Saturday 20 July 2019

Shipwrecked: The Victorian Titanic that foundered on Dublin Bay rocks

The White Star Line's state-of-the-art liner that lost her way off Lambay Island

Frank Fallon’s painting of the Tayleur
Frank Fallon’s painting of the Tayleur

Damian Corless

Before the Titanic there was the Tayleur. Like its more famous successor, the Tayleur was unveiled by the White Star Line as the biggest and fastest passenger ship of its day.

Like the Titanic too, it would go down on its maiden voyage with a terrible loss of life.

One hundred and sixty years ago, in early 1854, the Tayleur ran aground off Lambay Island in Dublin Bay with 370 fatalities.

The Tayleur was custom-made to service a new in-demand route between Britain and Australia. Gold had been discovered Down Under and during the 1850s more than a quarter-of-a-million fortune seekers set out from the British Isles, including some 60,000 from Ireland.

The three-month voyage was an endurance test for rich and poor, but the Tayleur promised five star luxury all the way, with the result that it left Liverpool crammed with 600 movers and shakers, almost half of them Irish. Before the ship had even left the

Mersey however, the pilot noticed that the compass readings seemed wonky. But there was no question of a return to port. It was an age of light touch regulation, and shipping owners put profit before the safety of their crews and the travelling public.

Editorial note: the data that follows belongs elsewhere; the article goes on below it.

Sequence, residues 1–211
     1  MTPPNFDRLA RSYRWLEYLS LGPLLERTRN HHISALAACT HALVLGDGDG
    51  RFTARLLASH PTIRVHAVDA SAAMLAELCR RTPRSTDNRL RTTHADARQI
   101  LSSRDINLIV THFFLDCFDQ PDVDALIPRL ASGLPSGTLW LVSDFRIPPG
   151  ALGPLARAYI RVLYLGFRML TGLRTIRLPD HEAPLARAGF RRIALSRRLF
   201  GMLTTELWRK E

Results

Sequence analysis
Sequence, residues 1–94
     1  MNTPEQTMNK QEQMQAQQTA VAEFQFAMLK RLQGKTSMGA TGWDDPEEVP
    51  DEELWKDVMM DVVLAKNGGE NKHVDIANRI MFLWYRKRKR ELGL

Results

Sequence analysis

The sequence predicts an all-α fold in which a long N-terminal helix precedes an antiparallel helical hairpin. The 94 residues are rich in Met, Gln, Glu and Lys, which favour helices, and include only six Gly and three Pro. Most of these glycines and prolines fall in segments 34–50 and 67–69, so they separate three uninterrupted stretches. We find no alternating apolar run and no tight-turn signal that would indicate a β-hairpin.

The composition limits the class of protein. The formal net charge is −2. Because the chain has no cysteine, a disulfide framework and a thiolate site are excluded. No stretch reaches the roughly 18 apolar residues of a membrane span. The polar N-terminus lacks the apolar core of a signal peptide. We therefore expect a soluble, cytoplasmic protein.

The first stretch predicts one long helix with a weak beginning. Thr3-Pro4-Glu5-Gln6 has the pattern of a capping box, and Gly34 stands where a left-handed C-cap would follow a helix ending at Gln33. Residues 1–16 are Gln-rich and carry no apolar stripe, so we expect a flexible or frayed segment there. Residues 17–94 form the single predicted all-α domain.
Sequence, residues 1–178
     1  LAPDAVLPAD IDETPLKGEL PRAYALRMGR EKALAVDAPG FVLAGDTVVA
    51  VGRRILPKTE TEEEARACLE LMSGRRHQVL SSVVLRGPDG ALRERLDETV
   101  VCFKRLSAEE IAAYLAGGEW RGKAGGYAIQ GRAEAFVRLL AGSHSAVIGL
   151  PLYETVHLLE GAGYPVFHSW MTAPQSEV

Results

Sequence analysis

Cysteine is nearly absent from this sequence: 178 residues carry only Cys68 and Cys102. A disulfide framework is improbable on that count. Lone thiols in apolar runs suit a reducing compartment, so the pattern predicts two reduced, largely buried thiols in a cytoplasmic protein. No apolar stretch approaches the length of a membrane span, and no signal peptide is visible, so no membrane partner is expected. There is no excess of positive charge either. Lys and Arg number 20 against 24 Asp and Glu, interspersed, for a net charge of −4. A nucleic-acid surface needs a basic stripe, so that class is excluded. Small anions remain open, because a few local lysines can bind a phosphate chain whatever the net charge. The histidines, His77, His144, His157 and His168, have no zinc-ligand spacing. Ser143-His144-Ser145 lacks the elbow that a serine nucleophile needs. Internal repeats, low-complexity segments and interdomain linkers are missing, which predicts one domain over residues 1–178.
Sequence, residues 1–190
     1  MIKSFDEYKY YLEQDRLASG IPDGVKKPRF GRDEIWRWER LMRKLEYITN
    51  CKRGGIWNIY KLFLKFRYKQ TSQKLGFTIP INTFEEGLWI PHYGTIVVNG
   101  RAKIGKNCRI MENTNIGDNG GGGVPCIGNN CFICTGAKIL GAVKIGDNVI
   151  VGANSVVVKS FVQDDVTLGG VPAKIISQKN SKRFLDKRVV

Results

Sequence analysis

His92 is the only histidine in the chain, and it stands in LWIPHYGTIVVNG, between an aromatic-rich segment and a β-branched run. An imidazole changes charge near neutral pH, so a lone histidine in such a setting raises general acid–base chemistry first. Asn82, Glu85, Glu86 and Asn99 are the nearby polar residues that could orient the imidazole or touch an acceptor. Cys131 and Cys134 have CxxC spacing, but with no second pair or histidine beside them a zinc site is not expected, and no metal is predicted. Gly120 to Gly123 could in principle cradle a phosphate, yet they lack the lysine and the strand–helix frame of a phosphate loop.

The story of the Tayleur's tragic maiden voyage is told in a new book by Gill Hoffs. Entitled The Sinking Of RMS Tayleur, its cover features a painting by Wicklow-based artist Frank Fallon.

A maritime specialist, Frank describes the Tayleur as a disaster waiting to happen.

"It was the biggest ship of its time, but the rudder was far too small to steer it properly. Most of the ships of the time were wooden, but the Tayleur had a hull made of iron.

The iron hull interfered with the ship's compasses, with the result that while the captain believed he was sailing due south, the ship was in fact heading full speed ahead for the Irish coast," he said.

"The ropes for the masts were not properly seasoned, so they weren't flexible and jammed in the holes. This meant that the crew couldn't control the sails which were carrying them on to the rocks at Lambay."

At a subsequent inquiry, it emerged only 26 of the 71-strong crew were able seamen. Most were Indonesians and Chinese who'd been recruited with economy and haste in mind – and who spoke little or no English.

Shortly before the ship struck a reef off Lambay Island, the captain was convinced he was passing the Bay of Biscay.

A ferocious storm drove the Tayleur on to the rocks and passengers scrambled to avoid being sucked under the sinking ship.

Reports differ as to whether there were 100 or 200 women on board, but only three survived.

The cumbersome Victorian dress has been blamed for the high death rate. Women were sewn into tight corsets, layered with petticoats and bulky outer garments which dragged them down.

The Tayleur disaster was one of many in the Irish Sea which can be largely put down to a penny-pinching recklessness in the shipping trade.

A year earlier, 83 people perished when the Queen Victoria ran aground off Howth, with allegations that the Howth lighthouse was unlit. Five years later, in 1859, the Pomoma from Liverpool ran aground off Wexford killing 373.

Another disaster of 1859 finally persuaded the British And Irish Admiralty to install a proper system of weather forecasting, when the Royal Charter left Cobh on the last leg of its journey from Australia to Liverpool, carrying 430 passengers and a huge gold bullion.

The ship ran into a storm in the Irish Sea and sank with the loss of 400 lives.


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